A fluorescing nanoparticle that can find tumors, light up upon arrival and be activated with light to generate heat to destroy the cancer cells has been developed by a research team at Wake Forest Baptist Medical Center. This discovery overcomes the major problem in treating cancer: identifying the location of small tumors and treating them before they metastasize.
A study in which these nanoparticles - Hybrid Donor-Acceptor Polymer Particles, or H-DAPPs - successfully located and killed breast cancer skills in mice is published in the current issue of the journal ACS Applied Materials and Interfaces.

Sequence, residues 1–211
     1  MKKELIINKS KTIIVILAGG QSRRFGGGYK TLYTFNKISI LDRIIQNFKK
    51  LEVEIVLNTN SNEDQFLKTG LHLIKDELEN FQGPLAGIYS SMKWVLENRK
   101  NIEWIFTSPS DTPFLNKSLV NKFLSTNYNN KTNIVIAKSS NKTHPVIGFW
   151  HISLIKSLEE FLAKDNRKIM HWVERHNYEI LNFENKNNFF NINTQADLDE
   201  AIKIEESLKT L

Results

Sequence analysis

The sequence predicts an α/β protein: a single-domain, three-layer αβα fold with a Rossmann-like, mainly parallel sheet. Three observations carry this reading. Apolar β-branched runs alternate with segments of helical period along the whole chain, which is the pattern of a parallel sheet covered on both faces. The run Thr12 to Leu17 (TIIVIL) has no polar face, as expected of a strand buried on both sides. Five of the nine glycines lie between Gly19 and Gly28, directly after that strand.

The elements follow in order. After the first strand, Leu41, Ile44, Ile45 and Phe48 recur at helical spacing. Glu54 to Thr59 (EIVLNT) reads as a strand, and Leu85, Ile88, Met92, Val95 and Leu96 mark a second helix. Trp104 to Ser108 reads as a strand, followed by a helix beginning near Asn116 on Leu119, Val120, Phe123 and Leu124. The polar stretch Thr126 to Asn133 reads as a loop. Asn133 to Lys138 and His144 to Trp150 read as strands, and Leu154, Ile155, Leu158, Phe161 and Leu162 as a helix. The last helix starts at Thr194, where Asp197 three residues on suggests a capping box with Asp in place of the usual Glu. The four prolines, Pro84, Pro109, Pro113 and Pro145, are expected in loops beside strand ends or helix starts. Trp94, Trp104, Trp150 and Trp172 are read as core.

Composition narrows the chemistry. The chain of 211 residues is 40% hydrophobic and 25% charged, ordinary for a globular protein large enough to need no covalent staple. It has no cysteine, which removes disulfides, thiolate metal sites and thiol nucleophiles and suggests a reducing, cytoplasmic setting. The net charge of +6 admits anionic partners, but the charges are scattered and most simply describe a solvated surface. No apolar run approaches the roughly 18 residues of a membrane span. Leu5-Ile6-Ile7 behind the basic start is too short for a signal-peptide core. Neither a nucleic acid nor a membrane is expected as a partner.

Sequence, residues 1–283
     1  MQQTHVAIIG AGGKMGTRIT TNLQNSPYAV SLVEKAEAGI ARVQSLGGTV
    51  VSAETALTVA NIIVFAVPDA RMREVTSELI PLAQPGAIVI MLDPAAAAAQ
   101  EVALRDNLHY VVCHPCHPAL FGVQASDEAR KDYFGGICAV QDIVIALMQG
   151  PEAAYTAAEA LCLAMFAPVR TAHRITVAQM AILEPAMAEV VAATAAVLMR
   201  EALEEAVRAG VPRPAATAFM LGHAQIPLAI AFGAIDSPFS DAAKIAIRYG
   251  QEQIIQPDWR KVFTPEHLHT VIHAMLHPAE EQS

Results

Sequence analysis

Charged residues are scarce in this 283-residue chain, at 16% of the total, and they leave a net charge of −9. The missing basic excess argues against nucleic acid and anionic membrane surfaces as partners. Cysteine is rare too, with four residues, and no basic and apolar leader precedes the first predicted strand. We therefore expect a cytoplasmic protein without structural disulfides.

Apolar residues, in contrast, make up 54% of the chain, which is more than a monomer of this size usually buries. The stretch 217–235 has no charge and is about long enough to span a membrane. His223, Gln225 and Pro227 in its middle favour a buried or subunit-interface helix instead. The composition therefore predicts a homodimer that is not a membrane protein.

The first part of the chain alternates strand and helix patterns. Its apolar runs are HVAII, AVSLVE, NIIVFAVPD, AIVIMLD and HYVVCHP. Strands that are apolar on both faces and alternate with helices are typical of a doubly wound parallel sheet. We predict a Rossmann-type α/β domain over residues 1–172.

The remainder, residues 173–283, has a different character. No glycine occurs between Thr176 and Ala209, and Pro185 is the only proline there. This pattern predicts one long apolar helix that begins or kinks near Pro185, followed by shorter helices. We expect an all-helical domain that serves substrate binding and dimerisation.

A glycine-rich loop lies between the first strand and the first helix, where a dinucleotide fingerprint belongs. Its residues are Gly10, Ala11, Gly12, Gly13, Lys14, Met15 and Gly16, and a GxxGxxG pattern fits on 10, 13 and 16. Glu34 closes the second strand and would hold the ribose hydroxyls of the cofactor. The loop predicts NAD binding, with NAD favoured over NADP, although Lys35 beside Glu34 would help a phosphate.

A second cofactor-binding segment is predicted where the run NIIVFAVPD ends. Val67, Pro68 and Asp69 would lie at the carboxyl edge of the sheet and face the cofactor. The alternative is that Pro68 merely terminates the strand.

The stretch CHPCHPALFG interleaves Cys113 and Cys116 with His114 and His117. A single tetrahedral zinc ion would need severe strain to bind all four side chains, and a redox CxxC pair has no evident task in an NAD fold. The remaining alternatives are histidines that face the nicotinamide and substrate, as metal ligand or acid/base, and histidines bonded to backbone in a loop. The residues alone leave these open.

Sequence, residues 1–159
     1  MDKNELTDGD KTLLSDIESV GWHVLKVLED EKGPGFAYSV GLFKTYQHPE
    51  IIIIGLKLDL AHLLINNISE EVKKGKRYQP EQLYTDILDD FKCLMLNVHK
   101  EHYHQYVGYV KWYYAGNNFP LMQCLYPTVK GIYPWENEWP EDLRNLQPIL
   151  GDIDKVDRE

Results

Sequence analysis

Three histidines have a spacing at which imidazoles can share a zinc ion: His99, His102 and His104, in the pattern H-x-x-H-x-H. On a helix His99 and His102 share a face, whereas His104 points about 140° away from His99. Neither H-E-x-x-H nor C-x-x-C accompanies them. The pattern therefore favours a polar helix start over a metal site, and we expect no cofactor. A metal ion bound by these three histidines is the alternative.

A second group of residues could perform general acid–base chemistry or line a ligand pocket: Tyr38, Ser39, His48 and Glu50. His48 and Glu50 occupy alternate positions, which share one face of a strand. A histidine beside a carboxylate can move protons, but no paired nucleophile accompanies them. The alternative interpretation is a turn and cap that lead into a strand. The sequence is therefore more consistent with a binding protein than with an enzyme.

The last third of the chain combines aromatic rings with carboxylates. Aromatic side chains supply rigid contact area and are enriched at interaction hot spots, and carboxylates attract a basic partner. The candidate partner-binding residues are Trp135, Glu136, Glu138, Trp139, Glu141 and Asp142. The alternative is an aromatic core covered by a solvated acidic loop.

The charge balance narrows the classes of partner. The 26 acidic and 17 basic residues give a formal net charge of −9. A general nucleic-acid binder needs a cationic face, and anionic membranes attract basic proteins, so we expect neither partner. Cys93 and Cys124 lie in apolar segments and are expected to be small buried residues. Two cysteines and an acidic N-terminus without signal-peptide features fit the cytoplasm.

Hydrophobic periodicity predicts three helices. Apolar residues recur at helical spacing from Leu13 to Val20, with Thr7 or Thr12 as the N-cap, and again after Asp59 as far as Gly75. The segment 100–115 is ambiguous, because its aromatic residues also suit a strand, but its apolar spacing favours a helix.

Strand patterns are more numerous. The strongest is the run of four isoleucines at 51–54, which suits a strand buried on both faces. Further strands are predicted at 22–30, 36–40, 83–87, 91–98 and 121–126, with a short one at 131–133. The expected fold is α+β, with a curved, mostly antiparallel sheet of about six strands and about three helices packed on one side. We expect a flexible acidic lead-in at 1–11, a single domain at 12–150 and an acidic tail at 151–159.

"An unexpected result was how efficiently the nanoparticles localized to the tumors without any targeting agent," said the study's lead author, Nicole Levi-Polyachenko, Ph.D., associate professor of plastic and reconstructive surgery at Wake Forest School of Medicine, part of Wake Forest Baptist. "Achieving high enough levels of H-DAPPs within the tumor to allow it to be seen provides an advantage for knowing exactly where light should be applied to generate heat and kill the cancer cells."
H-DAPPs are made of electrically conductive polymers and are smaller than 100 nanometers (0.00000393701 of an inch) in diameter. Their small size and soft composition makes it easy for them to travel through the bloodstream to the tumor.
"There is much more research needed to ensure that H-DAPPs can safely be used in humans," Levi-Polyachenko said. "But we are enthusiastic about exploring the use of H-DAPPs with other cancer types and eventually in patients."